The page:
- Animal protein decreases bone mineralisation. However, insufficient protein in the diet also decreases bone density. The answer is to increase plant proteins at the expense of animal protein. Plant protein can be found in legumes such as soy and lentils, as well as nuts and seeds.
- Dietary phytoestrogens may increase bone density, particularly after menopause. Such foods include soya sprouts, alfalfa, green beans, split peas, olives, soya beans, miso, tempeh, parsley, chickpeas, cherries, corn, oats, barley, rye, wheat, rice, pomegranate, hops, sesame seeds, linseed, buckwheat, millet, sage, fennel, celery, carrots, cabbage, rhubarb and garlic.
- Drink in moderation. A glass of alcohol a day decreases your risk of osteoporosis – more than 2 drinks increases your risk.
- An acid-forming diet can increase your risk of osteoporosis (see page 00).
- A calcium supplement is helpful, particularly if you are in the osteopaenic range of bone density. Osteopaenia is a condition of lowered bone density, a step on the way to osteoporosis if preventative measures are not adopted. A dose taken twice a day can optimise absorption. Make sure your supplement contains a range of calcium-enhancing minerals including magnesium boron, zinc, manganese, silicon, strontium and copper as well as vitamins K and D.
- Vitamin D is crucial for calcium absorption. It has been shown to decrease your risk of fracture. If your blood levels of Vitamin D are low (as found in a blood test), take a supplement until they are above mid-range.
Dairy products are often recommended for their high calcium levels. And indeed, they do contain admirable amounts of calcium. However, milk products are not the only source of calcium in food. Nuts and seeds, leafy green vegetables and legumes all contain calcium. Osteoporosis is less common in Asian countries where diets are traditionally dairy-free. Magnesium is important for calcium absorption and utilisation. They need to be in a certain ratio for this to be optimised: that is, 2 parts calcium to 1 part magnesium. In the case of milk, the ratio is 10 parts calcium to 1 part magnesium. Enjoy good quality milk products such as unsweetened yoghurt and whole milk cheese as part of a good diet, but don’t be bullied by the media into thinking you ‘have’ to eat milk products in order to prevent osteoporosis. If you are not fond of dairy products, or have a dairy sensitivity, then ensure you are eating an array of other calcium-rich foods.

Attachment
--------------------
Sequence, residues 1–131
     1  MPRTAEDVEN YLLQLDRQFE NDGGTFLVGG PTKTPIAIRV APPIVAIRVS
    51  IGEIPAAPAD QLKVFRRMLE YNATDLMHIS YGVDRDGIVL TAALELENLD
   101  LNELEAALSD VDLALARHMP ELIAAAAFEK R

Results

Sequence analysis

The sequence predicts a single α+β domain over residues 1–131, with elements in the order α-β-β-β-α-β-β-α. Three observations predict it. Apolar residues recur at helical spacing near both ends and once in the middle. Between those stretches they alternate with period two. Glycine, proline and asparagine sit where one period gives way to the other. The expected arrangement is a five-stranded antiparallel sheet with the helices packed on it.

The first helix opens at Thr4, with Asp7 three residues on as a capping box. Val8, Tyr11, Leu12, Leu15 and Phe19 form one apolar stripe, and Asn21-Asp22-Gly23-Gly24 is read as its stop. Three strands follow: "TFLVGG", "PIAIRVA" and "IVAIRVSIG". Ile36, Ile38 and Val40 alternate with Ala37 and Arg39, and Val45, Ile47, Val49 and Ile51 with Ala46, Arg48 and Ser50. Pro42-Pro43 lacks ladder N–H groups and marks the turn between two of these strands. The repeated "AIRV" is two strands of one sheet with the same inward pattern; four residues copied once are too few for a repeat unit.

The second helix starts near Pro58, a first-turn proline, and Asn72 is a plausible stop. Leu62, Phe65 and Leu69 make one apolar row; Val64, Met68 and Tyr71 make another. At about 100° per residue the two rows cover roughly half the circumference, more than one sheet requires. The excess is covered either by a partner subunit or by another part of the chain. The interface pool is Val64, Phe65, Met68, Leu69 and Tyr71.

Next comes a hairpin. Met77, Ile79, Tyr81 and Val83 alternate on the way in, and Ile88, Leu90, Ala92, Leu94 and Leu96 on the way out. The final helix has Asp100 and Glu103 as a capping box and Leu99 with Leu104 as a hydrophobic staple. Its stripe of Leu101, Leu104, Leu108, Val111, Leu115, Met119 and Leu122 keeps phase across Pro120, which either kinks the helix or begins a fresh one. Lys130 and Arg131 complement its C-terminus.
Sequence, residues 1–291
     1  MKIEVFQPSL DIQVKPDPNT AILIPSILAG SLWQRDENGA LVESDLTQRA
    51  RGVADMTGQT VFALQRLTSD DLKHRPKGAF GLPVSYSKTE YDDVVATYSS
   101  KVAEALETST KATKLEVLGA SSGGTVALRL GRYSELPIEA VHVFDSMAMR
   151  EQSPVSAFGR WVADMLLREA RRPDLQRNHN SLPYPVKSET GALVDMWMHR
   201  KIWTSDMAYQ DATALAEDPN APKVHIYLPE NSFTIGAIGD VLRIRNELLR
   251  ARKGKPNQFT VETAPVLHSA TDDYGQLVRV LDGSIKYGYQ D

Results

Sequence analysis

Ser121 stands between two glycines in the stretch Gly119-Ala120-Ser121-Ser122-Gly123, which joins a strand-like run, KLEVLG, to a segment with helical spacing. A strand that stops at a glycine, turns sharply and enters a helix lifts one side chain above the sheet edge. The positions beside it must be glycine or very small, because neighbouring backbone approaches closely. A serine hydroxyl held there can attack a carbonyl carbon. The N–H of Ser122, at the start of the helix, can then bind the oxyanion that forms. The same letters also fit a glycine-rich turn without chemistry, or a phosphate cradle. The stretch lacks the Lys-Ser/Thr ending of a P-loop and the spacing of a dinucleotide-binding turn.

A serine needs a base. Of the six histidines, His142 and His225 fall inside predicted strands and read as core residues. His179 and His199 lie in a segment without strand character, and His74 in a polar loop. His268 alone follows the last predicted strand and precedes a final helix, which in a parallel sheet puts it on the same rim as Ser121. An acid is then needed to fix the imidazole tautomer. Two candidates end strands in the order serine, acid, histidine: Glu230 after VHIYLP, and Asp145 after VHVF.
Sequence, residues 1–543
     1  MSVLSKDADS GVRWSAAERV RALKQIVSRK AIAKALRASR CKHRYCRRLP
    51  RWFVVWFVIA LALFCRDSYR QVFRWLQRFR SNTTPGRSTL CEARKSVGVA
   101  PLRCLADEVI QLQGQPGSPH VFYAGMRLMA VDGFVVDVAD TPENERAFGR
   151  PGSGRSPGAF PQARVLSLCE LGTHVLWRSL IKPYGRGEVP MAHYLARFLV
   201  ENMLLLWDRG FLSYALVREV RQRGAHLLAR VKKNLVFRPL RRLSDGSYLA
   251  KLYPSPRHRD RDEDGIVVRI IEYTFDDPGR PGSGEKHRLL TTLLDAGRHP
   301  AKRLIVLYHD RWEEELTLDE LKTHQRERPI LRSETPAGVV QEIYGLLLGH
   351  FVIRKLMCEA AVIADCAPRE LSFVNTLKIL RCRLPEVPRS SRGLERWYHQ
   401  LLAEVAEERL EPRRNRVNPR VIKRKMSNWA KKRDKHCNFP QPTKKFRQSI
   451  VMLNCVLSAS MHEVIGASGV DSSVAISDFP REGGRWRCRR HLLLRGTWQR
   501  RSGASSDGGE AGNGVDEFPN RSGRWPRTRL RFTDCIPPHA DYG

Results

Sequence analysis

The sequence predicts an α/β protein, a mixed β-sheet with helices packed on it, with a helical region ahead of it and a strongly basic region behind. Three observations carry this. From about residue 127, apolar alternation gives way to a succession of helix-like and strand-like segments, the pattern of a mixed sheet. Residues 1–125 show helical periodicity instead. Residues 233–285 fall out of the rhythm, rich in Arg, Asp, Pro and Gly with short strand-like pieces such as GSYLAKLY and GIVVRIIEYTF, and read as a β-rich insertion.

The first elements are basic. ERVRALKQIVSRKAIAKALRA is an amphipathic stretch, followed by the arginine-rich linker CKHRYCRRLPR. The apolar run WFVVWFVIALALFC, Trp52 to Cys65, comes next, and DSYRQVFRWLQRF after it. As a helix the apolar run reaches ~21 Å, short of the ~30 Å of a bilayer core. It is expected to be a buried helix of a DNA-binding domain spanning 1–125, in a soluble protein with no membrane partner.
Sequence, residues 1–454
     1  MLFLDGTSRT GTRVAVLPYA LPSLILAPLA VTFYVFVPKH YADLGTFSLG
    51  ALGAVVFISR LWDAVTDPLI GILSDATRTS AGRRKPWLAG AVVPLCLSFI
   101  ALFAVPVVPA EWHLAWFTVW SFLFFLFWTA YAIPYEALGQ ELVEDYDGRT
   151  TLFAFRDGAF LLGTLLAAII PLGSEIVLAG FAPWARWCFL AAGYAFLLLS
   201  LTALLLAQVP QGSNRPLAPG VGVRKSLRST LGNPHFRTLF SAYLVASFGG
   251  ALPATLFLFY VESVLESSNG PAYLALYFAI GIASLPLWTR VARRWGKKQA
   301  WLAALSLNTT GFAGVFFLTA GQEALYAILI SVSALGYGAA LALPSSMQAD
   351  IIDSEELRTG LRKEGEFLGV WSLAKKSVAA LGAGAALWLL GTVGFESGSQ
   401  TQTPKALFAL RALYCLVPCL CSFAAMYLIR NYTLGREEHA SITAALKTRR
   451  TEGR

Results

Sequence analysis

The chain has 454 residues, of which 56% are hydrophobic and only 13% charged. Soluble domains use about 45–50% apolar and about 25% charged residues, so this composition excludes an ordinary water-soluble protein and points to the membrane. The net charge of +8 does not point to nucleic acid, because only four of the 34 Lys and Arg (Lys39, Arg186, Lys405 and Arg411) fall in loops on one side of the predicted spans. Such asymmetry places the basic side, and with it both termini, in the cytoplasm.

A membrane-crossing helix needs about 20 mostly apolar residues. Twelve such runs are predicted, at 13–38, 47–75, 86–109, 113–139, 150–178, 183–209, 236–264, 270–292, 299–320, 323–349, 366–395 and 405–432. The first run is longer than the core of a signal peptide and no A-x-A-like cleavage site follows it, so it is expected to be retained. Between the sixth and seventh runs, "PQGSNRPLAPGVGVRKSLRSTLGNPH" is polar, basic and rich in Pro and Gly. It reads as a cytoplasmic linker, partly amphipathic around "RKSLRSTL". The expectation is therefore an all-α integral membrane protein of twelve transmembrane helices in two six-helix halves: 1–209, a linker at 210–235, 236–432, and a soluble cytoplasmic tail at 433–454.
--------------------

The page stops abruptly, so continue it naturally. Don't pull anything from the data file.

- Enjoy regular weight-bearing and resistance exercise. With exercise, muscle pulls on the bone, causing them to become stronger. Try weightlifting, balancing (as in strong yoga poses), tai chi, jogging, dancing, cross-country skiing and gym work. The aim is to strengthen bone as well as improve muscle tone and balance to help prevent falls.
- Enjoy some sunshine (out of the midday sun) to help maintain your vitamin-D levels.
- Don’t smoke.
- If you believe you may have been exposed to heavy-metal toxicity in your life, for instance from pollution, mining or agricultural practices, a hair mineral analysis can be done to diagnose which minerals are involved. A process known as chelation can then be undertaken, which draws the toxic minerals from your bone. Certain environmental doctors and some naturopaths specialise in this area.
At a glance
- Increase calcium-rich foods
- Reduce coffee, tea, sugar and salt as they all increase calcium excretion.
- Decrease animal protein in your diet and increase plant protein. Down with meat, up with legumes, seeds and nuts.
- Take a calcium supplement if you are at risk of osteoporosis or a scan has shown that your bone density is less than ideal.
- If your vitamin-D levels are low, take a supplement until your blood tests show levels above the mid-range.
- Exercise is vital to prevent osteoporosis. Weight-bearing and balance exercises are best.
- Don’t leave it too late. Get a DEXA scan if you think you might be at risk of osteoporosis. Prevention is far better than cure.
- Enjoy some sunshine.